As is the case on many local boards and commissions, those volunteering their time to aid municipalities in such important matters as subdivisions do not always possess technical backgrounds or experience in complicated issues such as soil analysis or threshold rainfall depth for groundwater saturation. Yet, given sufficient total immersion through the public vetting process, crash courses if you will, these board and commission members absorb knowledge. And then there are the peer review consultants who are hired by the Town and paid for by the applicant to oversee weighty technical matters on behalf of the towns.
But some town board volunteers are, in fact, lawyers, contractors, and engineers bringing with them vast understanding and experiences; thus, the ability to grapple with construction-related impacts on neighboring lands.
That was the case on February 4 when the Mattapoisett Planning Board invited Richard Rheaume of Prime Engineering to informally discuss, one more time, Scott Snow’s proposed Form C Subdivision Plan for parcels off Prospect Road now dubbed Eldridge Estates.
Snow and Rheaume have both been before the Planning Board during previous meetings going back nearly a year. With each meeting, the applicant and his representative have presented at least two subdivision conceptual layouts, finally deciding on the one that will ultimately see the property divided into five lots – three existing and two new.
The topic of stormwater runoff has been a slippery one for Rheaume, with the primary issue of rainfall saturation and runoff including methods for calculating water flow being questioned by board member Nathan Ketchell, himself a civil engineer.
As the other board members listened intently, Rheaume explained how he had used two methods to demonstrate that the stormwater runoff from the proposed subdivision would not increase the amount of water flowing across abutting properties via a stormwater management system.
Rheamue said he had used Technical Paper 40 from the National Oceanic and Atmospheric Administration (NOAA), and other methods also recognized by NOAA, for the purposes of hydrological modeling of 100-year storms and other timeframes.
Rheamue explained that with the NOAA model, in a 24-hour period, during a 100-year storm, 8.42 inches of rain would be discharged from the Prospect Road subdivision, while the TP40 standard calculated the rate to be 7 inches.
Rheamue also said that such matters would be further studied by the Conservation Commission when the application came before that governing body. He explained that the plans included the construction of a swale along the southerly edge of the property to deflect stormwater running in that direction to a detention pond.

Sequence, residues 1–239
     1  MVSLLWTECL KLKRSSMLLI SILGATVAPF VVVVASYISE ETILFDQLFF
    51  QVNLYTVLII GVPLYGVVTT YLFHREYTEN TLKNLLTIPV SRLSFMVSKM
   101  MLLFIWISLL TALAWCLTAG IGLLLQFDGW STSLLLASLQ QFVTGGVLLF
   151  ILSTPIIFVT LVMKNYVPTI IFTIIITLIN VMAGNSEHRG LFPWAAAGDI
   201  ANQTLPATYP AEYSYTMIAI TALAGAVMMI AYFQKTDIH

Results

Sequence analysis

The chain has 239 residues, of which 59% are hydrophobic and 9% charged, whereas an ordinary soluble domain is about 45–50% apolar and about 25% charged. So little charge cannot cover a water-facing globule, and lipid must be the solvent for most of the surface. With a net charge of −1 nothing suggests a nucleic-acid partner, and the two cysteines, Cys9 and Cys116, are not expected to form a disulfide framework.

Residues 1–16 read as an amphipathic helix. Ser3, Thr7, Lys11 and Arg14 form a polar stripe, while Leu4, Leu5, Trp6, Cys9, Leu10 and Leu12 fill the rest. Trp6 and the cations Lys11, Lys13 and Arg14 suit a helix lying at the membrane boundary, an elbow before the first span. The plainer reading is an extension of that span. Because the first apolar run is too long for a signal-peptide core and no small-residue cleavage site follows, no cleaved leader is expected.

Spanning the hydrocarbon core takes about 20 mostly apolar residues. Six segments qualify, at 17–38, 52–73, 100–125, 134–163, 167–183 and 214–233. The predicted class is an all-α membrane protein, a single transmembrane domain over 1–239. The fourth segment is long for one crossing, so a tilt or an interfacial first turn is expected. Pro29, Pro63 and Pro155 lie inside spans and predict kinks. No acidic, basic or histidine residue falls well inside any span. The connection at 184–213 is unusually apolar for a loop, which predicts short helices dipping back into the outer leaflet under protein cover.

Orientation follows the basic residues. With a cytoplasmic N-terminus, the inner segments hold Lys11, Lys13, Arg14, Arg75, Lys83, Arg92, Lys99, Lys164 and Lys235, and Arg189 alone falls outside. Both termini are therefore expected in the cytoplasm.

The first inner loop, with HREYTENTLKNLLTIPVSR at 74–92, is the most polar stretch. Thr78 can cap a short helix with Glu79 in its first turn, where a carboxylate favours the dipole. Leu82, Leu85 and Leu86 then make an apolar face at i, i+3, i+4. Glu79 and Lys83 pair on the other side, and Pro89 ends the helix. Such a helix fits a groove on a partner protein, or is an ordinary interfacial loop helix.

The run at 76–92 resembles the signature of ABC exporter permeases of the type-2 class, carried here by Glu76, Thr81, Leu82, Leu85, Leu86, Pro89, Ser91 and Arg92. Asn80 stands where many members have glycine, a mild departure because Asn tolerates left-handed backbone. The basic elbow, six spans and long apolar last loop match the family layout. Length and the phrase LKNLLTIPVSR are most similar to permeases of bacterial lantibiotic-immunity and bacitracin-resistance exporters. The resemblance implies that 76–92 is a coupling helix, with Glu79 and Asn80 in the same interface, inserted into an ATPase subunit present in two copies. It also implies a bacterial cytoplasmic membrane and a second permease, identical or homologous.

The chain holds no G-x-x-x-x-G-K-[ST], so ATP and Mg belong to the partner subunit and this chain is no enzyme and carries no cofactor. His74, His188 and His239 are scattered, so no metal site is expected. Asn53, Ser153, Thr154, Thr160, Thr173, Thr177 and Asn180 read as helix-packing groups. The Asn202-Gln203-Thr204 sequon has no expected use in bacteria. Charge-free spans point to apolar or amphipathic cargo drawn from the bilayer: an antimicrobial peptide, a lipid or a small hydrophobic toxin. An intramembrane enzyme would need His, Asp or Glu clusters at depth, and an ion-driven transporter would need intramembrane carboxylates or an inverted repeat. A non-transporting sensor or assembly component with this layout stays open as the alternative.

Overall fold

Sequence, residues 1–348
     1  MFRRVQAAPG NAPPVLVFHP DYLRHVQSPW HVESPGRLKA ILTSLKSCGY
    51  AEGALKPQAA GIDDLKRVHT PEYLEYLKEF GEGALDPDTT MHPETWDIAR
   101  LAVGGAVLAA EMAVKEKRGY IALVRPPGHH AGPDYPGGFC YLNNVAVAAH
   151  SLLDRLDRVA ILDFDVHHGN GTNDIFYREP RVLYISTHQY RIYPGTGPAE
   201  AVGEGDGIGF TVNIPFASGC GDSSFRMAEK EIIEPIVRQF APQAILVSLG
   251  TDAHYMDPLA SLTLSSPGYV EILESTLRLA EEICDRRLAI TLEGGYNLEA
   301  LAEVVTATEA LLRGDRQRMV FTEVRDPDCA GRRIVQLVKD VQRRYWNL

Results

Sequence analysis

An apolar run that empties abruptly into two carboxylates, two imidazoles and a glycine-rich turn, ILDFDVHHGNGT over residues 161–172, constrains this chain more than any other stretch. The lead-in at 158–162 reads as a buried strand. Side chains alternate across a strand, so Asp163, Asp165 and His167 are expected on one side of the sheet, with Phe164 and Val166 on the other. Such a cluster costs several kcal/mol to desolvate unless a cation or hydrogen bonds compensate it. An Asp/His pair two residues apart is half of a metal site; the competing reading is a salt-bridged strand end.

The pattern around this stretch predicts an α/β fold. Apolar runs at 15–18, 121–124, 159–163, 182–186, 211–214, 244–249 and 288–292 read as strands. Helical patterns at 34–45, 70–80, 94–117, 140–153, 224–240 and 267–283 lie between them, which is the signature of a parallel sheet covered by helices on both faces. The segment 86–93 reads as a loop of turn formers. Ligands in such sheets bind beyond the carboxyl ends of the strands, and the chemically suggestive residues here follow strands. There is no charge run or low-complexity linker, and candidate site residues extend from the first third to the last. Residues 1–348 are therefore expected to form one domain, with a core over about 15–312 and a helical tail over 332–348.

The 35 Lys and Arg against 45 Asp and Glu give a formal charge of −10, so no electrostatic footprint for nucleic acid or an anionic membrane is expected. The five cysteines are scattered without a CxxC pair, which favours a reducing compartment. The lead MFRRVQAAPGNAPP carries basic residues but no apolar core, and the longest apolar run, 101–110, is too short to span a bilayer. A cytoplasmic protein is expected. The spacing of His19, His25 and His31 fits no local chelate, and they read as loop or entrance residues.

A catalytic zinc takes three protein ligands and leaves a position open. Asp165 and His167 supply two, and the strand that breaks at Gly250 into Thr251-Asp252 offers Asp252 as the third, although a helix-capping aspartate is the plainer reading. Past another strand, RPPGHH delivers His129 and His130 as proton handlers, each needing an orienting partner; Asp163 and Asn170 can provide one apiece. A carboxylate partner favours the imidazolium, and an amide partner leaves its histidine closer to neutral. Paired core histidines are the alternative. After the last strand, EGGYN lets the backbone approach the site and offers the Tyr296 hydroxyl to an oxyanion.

For more than an hour, Ketchell and Rheamue discussed water flow, with Rheamue concurring that stormwater would not necessarily increase but that flow would; therefore, it would be collected in the detention pond where it could be discharged slowly into the ground. He also said that any existing stormwater problems on abutting properties would not be solved with stormwater plans being drawn-up for his client’s project.
Planning Board Administrator Mary Crain said that G.A.F. Engineering would be the peer review consultant for Snow’s filing.
A date of March 4 was set for the applicant to return with a plan of record and the formal public hearing is planned for March 18 if the applicant files in time. The project was granted an extension until March 31.
Also coming before the Planning Board was David Andrews of Bay Club, LLC with a request to extend the existing roadway covenant that is expiring.
This time board member Janice Robbins, an attorney with a background in real estate law, questioned the language in the covenant and wondered how the Planning Board could grant the request in the absence of technical reports on the completion of the roads in questions.
There was some discussion on the manner in which the massive subdivision’s documents were executed with Andrews saying that former Highway Surveyor Wes Bowman and former Water and Sewer Superintend Nick Nicholson had overseen the roadway construction for years. Crain said that more recently the current department heads had been following up, but that written reports were not submitted.
In the end, Robbins was successful in gaining an agreement that six lots would be held versus two as part of the awarded extension.
The board members also confirmed a previously agreed upon surety reduction for the Bay Club neighborhood of Shagbark from $250,000 to $50,000.
And lastly, Crain said that the Split Rock neighborhood within the Bay Club subdivision was not up for renewal or extension until later this year.
The next meeting of the Mattapoisett Planning Board is scheduled for March 4 at 7:00 pm in the town hall conference room.
Mattapoisett Planning Board
By Marilou Newell